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English Setter in the backyard with a tennis ball.

Graceful, elegant gun dog or sweet and loving family companion? The English Setter is both! Sometimes called the “gentlemen of the dog world,” they’re an ideal combination of versatile hunting partner and gentle, affectionate pet. One look into those soulful eyes and you may be hooked for life.

Their Coat Coloring Is Distinctive

The English Setter’s silky white coat has unusual speckling, called belton, that’s a distinctive trait of the breed. They may be either orange belton (white with tan markings), blue belton (white with black markings), tricolor (blue belton with tan on muzzle, over the eyes, and on the legs), or the less common liver belton or lemon belton. Whatever color, they’re beautiful dogs.

Two English Setters side by side outdoors.
©otsphoto -

They’re One of Four Setter Breeds

The English Setter isn’t the only Setter breed that the AKC recognizes. There are four types of Setters: the English SetterIrish Red and White SetterIrish Setter, and the Gordon Setter. Despite partially sharing a name, these breeds are all distinctly different.

They’re Superb Hunters

If you don’t hunt, you’ll still need to give your English Setter lots of exercise. These are athletic dogs, always up for a hike or a run. In fact, they may get you up and off the couch.

The Breed is at Least 400 Years Old

Developed in Britain with the other Setter Breeds, the English Setter was developed over four centuries ago. Their popularity grew in Britain, and then eventually the United States, as the need for gun dogs rose.

They Are Gentle and Affectionate

English Setters snuggling together with their heads.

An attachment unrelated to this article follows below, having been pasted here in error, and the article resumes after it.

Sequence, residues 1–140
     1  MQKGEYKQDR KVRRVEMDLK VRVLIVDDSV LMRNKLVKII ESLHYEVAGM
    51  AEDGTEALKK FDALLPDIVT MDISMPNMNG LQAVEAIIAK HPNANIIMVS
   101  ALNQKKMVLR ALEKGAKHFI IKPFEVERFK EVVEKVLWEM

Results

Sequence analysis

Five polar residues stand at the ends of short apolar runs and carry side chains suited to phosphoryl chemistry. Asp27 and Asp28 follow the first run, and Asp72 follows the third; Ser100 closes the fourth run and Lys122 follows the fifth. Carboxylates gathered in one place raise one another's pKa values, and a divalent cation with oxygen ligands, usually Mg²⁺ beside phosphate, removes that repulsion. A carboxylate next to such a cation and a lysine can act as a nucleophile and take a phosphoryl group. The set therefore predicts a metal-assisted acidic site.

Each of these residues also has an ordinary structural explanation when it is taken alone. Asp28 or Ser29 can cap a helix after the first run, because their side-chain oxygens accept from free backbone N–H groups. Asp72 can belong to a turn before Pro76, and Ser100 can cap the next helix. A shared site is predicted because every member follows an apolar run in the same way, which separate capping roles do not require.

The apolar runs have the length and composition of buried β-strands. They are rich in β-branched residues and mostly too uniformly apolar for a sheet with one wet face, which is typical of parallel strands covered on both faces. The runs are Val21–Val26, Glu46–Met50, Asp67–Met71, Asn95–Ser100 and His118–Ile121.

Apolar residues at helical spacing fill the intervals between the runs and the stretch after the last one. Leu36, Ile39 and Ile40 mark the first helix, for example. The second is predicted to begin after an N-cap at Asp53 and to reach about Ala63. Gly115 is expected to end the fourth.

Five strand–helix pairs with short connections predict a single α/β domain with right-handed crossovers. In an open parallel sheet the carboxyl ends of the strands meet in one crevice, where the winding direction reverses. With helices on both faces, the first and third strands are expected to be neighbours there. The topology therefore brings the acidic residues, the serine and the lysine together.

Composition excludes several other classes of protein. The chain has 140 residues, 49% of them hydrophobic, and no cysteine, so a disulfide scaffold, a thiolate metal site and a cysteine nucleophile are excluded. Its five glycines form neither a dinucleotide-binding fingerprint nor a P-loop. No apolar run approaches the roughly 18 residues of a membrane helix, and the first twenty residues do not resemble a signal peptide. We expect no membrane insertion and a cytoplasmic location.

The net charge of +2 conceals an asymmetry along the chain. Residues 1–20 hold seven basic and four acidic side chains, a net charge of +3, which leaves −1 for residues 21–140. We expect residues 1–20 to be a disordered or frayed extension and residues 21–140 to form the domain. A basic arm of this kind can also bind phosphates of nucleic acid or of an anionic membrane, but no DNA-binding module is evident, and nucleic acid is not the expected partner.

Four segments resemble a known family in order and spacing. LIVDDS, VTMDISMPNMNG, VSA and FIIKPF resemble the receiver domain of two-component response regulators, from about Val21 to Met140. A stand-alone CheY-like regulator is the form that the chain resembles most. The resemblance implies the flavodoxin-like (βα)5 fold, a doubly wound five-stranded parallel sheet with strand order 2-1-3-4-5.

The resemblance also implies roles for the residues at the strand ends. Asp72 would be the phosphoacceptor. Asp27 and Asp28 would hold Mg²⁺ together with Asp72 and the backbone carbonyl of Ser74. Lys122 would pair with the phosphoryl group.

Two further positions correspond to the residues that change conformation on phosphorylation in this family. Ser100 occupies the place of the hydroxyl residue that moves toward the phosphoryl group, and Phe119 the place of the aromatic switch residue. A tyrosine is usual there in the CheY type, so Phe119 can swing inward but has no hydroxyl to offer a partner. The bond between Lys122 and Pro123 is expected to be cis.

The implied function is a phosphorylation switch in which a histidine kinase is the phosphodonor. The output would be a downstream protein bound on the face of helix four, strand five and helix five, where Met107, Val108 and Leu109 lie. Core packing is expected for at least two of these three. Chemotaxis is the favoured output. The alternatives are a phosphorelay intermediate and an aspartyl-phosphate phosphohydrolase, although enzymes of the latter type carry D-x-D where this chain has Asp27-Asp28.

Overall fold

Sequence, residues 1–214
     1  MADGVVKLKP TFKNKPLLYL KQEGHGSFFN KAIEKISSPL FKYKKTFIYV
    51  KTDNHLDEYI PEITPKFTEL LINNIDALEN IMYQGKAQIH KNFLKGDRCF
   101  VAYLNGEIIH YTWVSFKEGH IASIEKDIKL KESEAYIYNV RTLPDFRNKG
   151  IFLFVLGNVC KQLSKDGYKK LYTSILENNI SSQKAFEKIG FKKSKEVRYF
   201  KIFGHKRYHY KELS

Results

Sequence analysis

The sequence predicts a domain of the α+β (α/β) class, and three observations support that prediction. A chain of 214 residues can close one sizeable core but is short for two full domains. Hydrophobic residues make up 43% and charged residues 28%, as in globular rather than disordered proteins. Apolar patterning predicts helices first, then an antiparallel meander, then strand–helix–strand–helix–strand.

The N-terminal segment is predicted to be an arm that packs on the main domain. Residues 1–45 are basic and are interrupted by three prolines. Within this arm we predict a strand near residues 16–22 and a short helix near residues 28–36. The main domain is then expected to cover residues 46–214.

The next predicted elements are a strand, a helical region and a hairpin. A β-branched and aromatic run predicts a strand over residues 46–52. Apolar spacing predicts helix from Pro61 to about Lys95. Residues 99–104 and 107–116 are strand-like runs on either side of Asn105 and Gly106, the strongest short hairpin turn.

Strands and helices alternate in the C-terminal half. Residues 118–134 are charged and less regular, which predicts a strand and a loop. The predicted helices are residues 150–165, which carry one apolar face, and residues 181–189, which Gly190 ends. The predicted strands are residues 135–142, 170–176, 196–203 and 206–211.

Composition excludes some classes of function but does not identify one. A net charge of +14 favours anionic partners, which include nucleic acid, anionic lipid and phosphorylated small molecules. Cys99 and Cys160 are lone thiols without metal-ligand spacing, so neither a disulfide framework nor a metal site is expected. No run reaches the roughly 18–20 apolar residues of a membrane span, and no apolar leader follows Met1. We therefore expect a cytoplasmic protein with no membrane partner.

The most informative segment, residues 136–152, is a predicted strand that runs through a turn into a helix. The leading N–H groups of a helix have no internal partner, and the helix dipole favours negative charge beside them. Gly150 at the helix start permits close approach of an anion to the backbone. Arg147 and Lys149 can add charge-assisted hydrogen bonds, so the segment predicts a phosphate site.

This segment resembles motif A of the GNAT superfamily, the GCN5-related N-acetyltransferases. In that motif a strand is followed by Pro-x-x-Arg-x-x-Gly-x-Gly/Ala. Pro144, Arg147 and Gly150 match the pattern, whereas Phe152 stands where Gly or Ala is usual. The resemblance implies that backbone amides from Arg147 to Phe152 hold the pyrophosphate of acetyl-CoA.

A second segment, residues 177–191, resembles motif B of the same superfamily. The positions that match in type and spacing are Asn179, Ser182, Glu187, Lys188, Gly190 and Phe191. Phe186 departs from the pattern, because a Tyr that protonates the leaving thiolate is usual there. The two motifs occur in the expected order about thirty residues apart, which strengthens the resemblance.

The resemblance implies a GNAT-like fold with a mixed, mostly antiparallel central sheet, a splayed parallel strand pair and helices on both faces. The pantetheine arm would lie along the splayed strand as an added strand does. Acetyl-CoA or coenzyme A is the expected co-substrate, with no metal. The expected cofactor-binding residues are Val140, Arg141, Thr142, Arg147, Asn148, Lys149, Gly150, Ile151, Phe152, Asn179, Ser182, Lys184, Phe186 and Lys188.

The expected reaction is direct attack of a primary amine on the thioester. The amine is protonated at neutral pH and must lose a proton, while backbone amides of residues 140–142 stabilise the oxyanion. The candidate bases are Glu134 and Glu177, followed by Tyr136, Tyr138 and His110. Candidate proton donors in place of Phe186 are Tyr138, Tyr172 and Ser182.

Lina Christa/Shutterstock

Their Name Comes From Their Purpose

The English Setter traces its long history back to the 14th century. Medieval English Setters would crouch on the hunter’s front legs to indicate the presence of birds. This laying-down position was called “setting,” hence the name “Setter.”

They are the Subject of a 19th-Century Book

The modern English Setter was developed in great part due to a man named Edward Laverack. He bred together two English Setters, “Ponto” and “Old Moll,” part of a 35-year lineage. He later wrote a book, “The Setter,” all about the breed, published in 1872.

They Are the Smallest Setter Breed

Out of the four distinct Setter breeds, the English Setter is the smallest, considered a “medium” dog where the Irish, Gordon, and Irish Red and White Setters are considered “large” dogs.

The AKC First Recognized the English Setter in 1878

The English Setter was one of the nine original dog breeds recognized by the AKC in 1878. These are called the “charter breeds.”

The First Setter Show

The first-ever breed-specific show for the English Setter happened almost 20 years before they became AKC-recognized. This show took place in an English city called Newcastle upon Tyne in 1859.

Related article: English Setter History: The Making of One of the Oldest Gun Dog Breeds
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Selecting a Puppy

How do you know what breed is right for your family? How do you find a reputable breeder? What questions should you ask a breeder? Download this e-book for guidance on these questions and other important factors to consider when looking for a puppy.
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